Too close for comfort in Nairobi

1 Oct

Here’s an extract from an op-ed I wrote in The New York Jewish Week recently discussing the same theme as Baptism by Fire in Nairobi, my last post on this blog:


Too Close For Comfort In Nairobi

Tight-knit, eclectic Jewish community on edge.

Mon, 09/23/2013

Nairobi, Kenya — As the terrorist attack enters its third endless day at Westgate, an upscale mall in the center of the city, with the death toll reaching 70, and the terrorists still holed up with an unknown number of hostages, I sit in my new home glued to the television and wondering just how on earth I ended up here.

It all started innocently enough. My husband, Brachyahu, and I were eating out in Manhattan with friends. One was a Kenyan Jew, Mark, born and raised in Nairobi, now living in New York City. In the course of the conversation, Brachyahu mentioned that he had almost completed his four-year rabbinical training at Yeshivat Chovevei Torah in Riverdale, and was looking for a community rabbi position.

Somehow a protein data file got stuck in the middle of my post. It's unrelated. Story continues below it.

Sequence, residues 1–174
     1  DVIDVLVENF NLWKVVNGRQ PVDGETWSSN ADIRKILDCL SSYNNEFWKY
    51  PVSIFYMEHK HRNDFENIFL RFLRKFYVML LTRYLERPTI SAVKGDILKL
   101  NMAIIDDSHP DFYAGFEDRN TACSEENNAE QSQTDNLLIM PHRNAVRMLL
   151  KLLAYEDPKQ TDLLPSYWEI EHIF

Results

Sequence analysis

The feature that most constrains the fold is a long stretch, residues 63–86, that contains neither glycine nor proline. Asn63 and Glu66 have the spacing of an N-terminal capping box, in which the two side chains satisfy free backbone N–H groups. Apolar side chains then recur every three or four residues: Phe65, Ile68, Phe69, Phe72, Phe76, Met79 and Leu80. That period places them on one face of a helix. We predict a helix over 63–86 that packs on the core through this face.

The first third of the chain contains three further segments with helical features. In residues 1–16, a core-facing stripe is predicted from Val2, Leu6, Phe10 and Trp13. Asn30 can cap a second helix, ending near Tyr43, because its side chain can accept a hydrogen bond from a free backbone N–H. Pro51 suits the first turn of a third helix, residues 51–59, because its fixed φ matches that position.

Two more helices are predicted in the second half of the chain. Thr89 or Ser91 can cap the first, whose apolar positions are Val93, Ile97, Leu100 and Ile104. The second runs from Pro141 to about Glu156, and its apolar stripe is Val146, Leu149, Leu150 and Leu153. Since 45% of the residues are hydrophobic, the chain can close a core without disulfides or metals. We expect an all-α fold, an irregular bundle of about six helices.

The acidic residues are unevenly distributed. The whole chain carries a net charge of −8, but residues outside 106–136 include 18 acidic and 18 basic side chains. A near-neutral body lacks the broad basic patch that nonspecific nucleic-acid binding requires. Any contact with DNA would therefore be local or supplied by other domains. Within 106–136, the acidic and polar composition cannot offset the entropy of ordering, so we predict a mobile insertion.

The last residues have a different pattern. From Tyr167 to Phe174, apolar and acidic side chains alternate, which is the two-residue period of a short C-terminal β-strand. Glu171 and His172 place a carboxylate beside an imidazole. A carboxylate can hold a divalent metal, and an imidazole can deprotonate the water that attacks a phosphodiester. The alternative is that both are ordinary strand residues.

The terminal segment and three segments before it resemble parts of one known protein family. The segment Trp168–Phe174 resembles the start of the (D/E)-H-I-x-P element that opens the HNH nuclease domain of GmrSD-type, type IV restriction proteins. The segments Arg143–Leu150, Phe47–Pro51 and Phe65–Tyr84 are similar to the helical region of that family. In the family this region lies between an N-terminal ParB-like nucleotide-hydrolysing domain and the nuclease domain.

The rest, as they say, is history. Half in jest, Mark said that his parents’ community back home, the Nairobi Hebrew Congregation (NHC), the city’s only synagogue, was on the lookout for a new rabbi. I replied, half in jest, “Oh, how about Brachyahu becoming your new rabbi?” One thing led to another — Skype calls, meetings in New York, a trial visit in June — then a job offer.

And now here we are, less than one month into our new life in Nairobi, and to say that we’ve been thrown in at the deep end would be an understatement. Settling into a new city, country, and continent is not easy at the best of times. But combine that with the synagogue’s High Holy Days “peak-season” and its heavy load of concomitant rabbinical duties, and now, the pastoral responsibilities for the entire Jewish community suffering the aftershocks of the Westgate attack, as well as having to deal with our own fears.

Luckily, all community members have been accounted for since the attack. This is in no small part thanks to the bar mitzvah of an Israeli diplomat’s son taking place at the synagogue at the time of the attack on Shabbat. Many secular Israelis, who rarely come to synagogue, attended the celebration; very likely, some of them would have been at Westgate otherwise, the mall with its classy cafés and boutiques being a favored hangout for Israelis and other expat communities on the weekend.


Click here to read the full piece on The Jewish Week website:


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